Croup is an infection that affects your breathing and causes a distinct “barking” cough. It usually impacts young kids, but in rare cases, adults can develop croup too.
Researchers don’t know how common croup is in adults. A study published in 2017 reported on what the authors described as the 15th adult croup case documented in literature.
Read on to learn more about what causes croup and how doctors treat it.
Symptoms of croup may include:
- a loud, barking cough that gets worse at night
- labored, noisy, or “whistling” breathing
- high fever
- hoarse voice
These symptoms last about three to five days.
The most telltale signs of croup are a cough that sounds like a barking seal and a high-pitched, whistling sound when you take a breath. See your doctor if you have these signature signs of the illness.
Symptoms are usually worse in adults than in children. A 2000 study looked at 11 cases of adult croup and compared them to 43 cases of child croup. Researchers found upper respiratory tract symptoms and noisy breathing were more common in adults.
Croup is usually caused by a contagious virus, such as a parainfluenza virus. These viruses can spread if you breathe in air droplets when an infected person coughs or sneezes. The droplets can also survive on surfaces, so you can become infected if you touch an object and then touch your eyes, nose, or mouth.
When a virus attacks your body, it can produce swelling around your vocal cords, windpipe, and bronchial tubes. This swelling causes symptoms of croup.
Adults may catch the contagious virus, but they have larger airways, so they’re unlikely to develop croup. Kids, because of their smaller breathing passages, are more apt to feel the effects of the swelling and inflammation.
Croup in adults can also be caused by:
- other viruses
- a bacterial infection, such as a staph infection
- a fungal infection
Your doctor can diagnose croup by listening to your breathing with a stethoscope and examining your throat. Sometimes, a chest X-ray is performed to confirm that it’s croup and not something else.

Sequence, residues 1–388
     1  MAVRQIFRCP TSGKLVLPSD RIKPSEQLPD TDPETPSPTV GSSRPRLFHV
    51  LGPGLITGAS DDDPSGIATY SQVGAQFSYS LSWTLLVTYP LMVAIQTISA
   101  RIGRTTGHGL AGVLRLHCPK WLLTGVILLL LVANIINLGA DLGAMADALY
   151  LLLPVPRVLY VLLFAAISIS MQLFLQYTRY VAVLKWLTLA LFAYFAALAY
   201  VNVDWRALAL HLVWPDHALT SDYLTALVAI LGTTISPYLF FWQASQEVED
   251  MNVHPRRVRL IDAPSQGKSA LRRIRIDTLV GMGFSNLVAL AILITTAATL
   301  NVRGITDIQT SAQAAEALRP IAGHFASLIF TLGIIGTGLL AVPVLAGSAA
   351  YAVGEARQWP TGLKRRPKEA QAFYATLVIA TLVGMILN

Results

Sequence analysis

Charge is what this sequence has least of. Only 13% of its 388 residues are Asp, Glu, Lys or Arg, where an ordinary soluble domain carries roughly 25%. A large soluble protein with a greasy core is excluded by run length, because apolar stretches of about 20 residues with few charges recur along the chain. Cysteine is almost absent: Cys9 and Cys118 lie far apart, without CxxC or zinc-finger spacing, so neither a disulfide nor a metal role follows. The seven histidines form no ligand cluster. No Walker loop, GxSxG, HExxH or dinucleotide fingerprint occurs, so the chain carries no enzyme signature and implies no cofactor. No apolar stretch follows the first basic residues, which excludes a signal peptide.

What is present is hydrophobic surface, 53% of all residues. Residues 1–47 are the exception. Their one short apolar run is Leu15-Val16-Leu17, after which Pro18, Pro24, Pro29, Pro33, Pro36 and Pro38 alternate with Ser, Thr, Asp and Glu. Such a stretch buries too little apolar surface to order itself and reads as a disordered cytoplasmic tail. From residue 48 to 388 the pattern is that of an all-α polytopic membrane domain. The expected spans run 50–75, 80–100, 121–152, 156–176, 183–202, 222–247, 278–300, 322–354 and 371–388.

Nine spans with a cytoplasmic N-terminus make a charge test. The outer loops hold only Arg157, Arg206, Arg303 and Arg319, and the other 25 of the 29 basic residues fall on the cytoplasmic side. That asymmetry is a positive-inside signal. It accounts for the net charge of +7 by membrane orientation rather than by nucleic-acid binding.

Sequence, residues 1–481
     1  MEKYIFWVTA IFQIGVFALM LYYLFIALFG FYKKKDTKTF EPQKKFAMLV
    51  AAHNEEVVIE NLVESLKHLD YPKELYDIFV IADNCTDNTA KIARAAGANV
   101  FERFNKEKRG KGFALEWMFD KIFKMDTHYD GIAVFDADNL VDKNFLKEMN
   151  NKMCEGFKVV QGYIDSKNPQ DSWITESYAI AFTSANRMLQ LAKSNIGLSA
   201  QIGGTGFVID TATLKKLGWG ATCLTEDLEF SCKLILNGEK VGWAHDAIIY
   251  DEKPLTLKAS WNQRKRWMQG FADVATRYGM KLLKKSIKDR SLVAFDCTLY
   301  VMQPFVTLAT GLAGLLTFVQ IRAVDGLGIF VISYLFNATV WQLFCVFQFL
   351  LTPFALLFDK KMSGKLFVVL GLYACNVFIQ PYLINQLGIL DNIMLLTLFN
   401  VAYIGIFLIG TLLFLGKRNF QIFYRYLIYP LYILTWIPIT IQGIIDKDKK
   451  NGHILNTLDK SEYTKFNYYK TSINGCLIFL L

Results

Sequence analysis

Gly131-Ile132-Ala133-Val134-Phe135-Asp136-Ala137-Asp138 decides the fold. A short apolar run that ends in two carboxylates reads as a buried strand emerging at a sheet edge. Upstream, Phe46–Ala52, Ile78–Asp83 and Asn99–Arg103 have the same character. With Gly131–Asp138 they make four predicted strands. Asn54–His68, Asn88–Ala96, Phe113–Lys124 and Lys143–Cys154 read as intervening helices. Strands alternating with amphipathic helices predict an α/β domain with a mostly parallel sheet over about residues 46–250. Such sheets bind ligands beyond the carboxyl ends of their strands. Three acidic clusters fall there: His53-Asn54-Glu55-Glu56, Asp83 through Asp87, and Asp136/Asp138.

It’s important to get a diagnosis early on so you can begin treatment before your condition becomes severe. See your doctor if you suspect croup.
Adults with croup may need more aggressive treatment than children.
Your doctor might prescribe a steroid, such as dexamethasone (DexPak) or epinephrine (nebulized — that is, in the form of a mist) to lessen swelling in your airways.
You might need to spend time in the hospital if your condition is severe. Studies show adults with croup typically stay in the hospital longer than children with croup.
Sometimes doctors will need to place a breathing tube in your windpipe to help you breathe.
Most kids start feeling better within three to five days, but adults might need more time to recover.
Some home remedies that may help speed up your recovery include the following:
- Use a humidifier. This device can help moisten the air, which could make breathing easier.
- Drink lots of fluids. Staying hydrated is important when you have croup.
- Rest. Getting enough sleep can help your body fight off the virus.
- Stay in an upright position. Sitting upright can help your symptoms. Propping extra pillows under your head may while in bed may also help you to sleep better.
- Use over-the-counter pain relievers. Acetaminophen (Tylenol), ibuprofen (Advil), or other pain medicines can lower your fever and reduce your pain.
To prevent croup, use the same measures you would use to avoid colds and the flu.
- Wash your hands often to avoid airborne droplets that can cause viruses to spread. It’s especially important to wash your hands before you eat or touch your eyes.
- Avoid people who are sick, if possible.
- Don’t share drinks or food with someone else who has croup.
Croup in adults is unusual, but possible. If you develop croup as an adult, you might experience worse symptoms and need more aggressive treatment. Be sure to see your doctor if you think you might have this infection because catching it early could lead to a better outcome.